In this investigation, feedback from the students indicated that they found the ECE module enjoyable when demonstrated after theoretical teaching. When the pre- and post-ECE test scores were compared, interestingly, the students performed notably well post the ECE, in contrast to pre-ECE. This kind of module has been proven to be useful in understanding anatomy in previous studies as well and the present investigation is well in accordance with other recent studies involving ECE.[17]

Different methods of ECE have been applied in other subject areas as well. A recent study showed that specific case-based lectures, hospital visits, and periodic interactions with patients and clinicians helped students understand endocrine physiology better. As many as 96.4% students supported this type of ECE module.[18] Similar observations were made while teaching neuroanatomy to students through ECE, where the group of students when taken to the hospital and examined the patients performed better than the students who attended only conventional lectures.[12] Likewise, ECE in other subjects such as physiotherapy, physiology, nephrology, general surgery, and radiology have been shown to be a highly attractive teaching method when compared to conventional classroom teaching.[19],[20]

Overall, the ECE module which is being put into practice across various medical institutions in India is proving effective in imparting a better exposure to clinical practices to 1st year medical students. A comparative study assessing and contrasting the conventional method pitted against ECE would provide interesting insights. Studies where different ECEs are implemented across different subjects might prove useful in designing a specific and definitive course module for medical students. This would enable them to appreciate the clinical importance of the subject and employ the same in the clinical set up.

  Conclusion Top

The study demonstrated the overall positive outcomes of ECE module on the students, leading to better test scores and enhanced subject comprehension. This methodology is therefore useful in the curriculum over conventional classroom lectures. Imparting medical education through ECE would help medical students develop an interest in this field and enhance their clinical acumen. Our study was conducted and analyzed for one topic, more topics should be analyzed for better understanding of the outcome of ECE. In addition, accompanying ECE with other techniques like horizontal integration and e-learning might also help in improving the methods for studying Anatomy.

Financial support and sponsorship


Conflicts of interest

There are no conflicts of interest.

  References Top

Louw G, Eizenberg N, Carmichael SW. The place of anatomy in medical education: AMEE guide no 41. Med Teach 2009;31:373-86.  Back to cited text no. 1
Harden RM, Laidlaw JM. Essential Skills for a Medical Teacher: An Introduction to Teaching and Learning in Medicine. New York: Elsevier; 2017. Available from: https://gmcsurat.edu.in/lib/exe/fetch.php? media=circular: essential_skills_for_medical_teacher_second_edition_.pdf. [Last accessed on 2020 May 02].  Back to cited text no. 2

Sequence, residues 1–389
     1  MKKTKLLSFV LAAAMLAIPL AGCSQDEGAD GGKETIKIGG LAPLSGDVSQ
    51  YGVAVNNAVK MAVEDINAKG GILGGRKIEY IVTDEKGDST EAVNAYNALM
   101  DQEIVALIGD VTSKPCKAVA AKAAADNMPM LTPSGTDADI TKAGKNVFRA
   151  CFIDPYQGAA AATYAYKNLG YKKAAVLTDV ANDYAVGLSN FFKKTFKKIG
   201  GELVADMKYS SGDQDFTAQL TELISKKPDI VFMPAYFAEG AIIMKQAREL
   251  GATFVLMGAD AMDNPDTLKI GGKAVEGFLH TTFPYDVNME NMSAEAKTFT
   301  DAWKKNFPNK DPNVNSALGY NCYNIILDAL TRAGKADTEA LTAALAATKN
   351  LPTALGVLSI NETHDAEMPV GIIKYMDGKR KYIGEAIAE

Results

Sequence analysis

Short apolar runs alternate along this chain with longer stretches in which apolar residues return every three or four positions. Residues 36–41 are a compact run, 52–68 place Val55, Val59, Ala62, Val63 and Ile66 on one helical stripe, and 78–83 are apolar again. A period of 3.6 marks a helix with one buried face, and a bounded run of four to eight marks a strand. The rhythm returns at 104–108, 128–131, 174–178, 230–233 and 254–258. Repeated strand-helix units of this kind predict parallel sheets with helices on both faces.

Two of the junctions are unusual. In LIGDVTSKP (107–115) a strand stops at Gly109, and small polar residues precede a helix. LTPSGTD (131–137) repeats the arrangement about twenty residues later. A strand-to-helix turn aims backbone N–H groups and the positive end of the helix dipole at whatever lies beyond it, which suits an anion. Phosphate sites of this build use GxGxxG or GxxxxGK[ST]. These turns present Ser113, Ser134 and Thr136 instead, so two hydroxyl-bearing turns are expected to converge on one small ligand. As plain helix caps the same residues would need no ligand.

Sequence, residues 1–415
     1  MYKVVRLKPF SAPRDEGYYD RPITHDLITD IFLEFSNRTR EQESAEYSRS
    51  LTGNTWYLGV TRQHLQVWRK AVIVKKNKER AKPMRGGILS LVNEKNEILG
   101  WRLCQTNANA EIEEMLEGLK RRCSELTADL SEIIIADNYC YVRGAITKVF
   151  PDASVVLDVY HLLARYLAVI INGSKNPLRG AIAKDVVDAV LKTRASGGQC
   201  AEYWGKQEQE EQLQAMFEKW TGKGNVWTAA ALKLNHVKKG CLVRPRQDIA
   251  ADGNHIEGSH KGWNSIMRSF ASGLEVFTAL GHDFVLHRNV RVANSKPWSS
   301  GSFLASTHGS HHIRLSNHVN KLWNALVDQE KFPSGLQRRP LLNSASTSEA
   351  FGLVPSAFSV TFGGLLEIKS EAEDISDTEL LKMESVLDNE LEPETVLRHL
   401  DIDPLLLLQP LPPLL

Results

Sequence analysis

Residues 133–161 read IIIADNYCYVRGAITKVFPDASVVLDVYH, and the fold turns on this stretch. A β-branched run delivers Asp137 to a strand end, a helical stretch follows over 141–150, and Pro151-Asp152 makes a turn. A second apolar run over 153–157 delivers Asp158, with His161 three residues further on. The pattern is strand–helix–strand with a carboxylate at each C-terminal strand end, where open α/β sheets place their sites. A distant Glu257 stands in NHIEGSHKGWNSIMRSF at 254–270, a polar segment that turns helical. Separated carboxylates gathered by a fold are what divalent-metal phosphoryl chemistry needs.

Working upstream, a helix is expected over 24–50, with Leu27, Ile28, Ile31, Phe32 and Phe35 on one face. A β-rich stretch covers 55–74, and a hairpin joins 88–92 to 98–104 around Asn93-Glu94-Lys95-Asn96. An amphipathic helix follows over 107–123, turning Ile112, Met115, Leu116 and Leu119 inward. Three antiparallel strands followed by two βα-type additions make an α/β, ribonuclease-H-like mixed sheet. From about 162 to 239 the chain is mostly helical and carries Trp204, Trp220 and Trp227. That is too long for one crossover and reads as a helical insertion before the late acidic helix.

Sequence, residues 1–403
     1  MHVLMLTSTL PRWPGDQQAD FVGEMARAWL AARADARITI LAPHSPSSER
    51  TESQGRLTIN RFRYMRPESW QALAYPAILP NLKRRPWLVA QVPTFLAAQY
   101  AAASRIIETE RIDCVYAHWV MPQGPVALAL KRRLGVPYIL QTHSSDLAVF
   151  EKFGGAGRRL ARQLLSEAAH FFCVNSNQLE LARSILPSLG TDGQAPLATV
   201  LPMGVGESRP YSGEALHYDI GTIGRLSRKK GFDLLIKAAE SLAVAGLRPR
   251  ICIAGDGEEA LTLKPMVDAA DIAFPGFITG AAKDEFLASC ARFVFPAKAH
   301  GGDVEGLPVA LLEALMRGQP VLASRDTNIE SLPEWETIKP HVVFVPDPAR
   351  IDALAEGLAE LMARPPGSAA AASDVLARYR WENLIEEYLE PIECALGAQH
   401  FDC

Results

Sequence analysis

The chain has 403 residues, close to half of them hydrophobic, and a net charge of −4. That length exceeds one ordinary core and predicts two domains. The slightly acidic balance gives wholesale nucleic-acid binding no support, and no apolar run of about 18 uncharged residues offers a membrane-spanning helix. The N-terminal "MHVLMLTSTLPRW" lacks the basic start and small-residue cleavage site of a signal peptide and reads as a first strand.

Bandyopadhyay R, Biswas R. Students' perception and attitude on methods of Anatomy Teaching in a Medical College of West Bengal, India. J Clin Diagn Res 2017;11:AC10-14.  Back to cited text no. 3
Quintanilha LF, Costa GN, Coutinho MR. Medical student perceptions about active methodologies in the study of physiology in medical schools in Salvador, Brazil. Adv Physiol Educ 2018;42:693-6.  Back to cited text no. 4
Medical Council of India: Vision 2015. Medical Council of India 2011; March 2011. Available from: https://www.mciindia.org/CMS/wp-content/uploads/2018/01/MCI_booklet.pdf. [Last accessed on 2020 Feb 20].  Back to cited text no. 5
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Chimmalgi M, Jose R, Kumari KC. Student satisfaction with early clinical exposure and e-learning in learning anatomy. Int J Anat Res 2017;7:3398-403.  Back to cited text no. 8
Dehghan A, Amini M, Sagheb MM, Shidmoosavi SM, Nabeiei P. Early clinical exposure program in learning renal physiology. J Adv Med Educ Prof 2017;5:172-6.  Back to cited text no. 9
Allen IE, Seaman CA. Likert scales and data analyses. Qual Prog 2007;40:64-5.  Back to cited text no. 10
Yadav PP, Chaudhary M, Patel J, Shah A, Kantharia ND. Effectiveness of integrated teaching module in pharmacology among medical undergraduates. Int J Appl Basic Med Res 2016;6:215-9.  Back to cited text no. 11
Kar M, Kar C, Roy H, Goyal P. Early clinical exposure as a learning tool to teach neuroanatomy for first year MBBS students. Int J Appl Basic Med Res 2017;7:S38-41.  Back to cited text no. 12
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World Federation for Medical Education. WFME Global Standards for Quality Improvement the 2015 Revision. 2015. Available from: http://www.imeac.org/wp-content/uploads/2017/07/06_WFME_2015.pdf.  Back to cited text no. 14
Başak O, Yaphe J, Spiegel W, Wilm S, Carelli F, Metsemakers JF. Early clinical exposure in medical curricula across Europe: An overview. Eur J Gen Pract 2009;15:4-10.  Back to cited text no. 15
Widyandana D, Majoor G, Scherpbier A. Preclinical students' experiences in early clerkships after skills training partly offered in primary health care centers: A qualitative study from Indonesia. BMC Med Educ 2012;12:35.  Back to cited text no. 16
Meshram S, Gajbe U. To study the perceptions of first year MBBS students towards early clinical exposure (ECE) in anatomy (Original Study). IOSR J Dent Med Sci 2018;17:32-5.  Back to cited text no. 17
Sathishkumar S, Thomas N, Tharion E, Neelakantan N, Vyas R. Attitude of medical students towards early clinical exposure in learning endocrine physiology. BMC Med Educ 2007;7:30.  Back to cited text no. 18
Prithishkumar IJ, Holla SJ. Early clinical exposure as a teaching learning tool to teach neuroanatomy for first year occupational and physical therapy students-our preliminary experience. Indian J Physiother Occup Ther 2012;6:59-62.  Back to cited text no. 19
Govindarajan S, Ganesan V, Kumar PA, Priyadarshini C, Radhakrishnan SS, Kanagaraj V, et al. Impact of a comprehensive early clinical exposure program. Health Prof Educ 2018;4:133-8.  Back to cited text no. 20


  [Figure 1]

  [Table 1], [Table 2]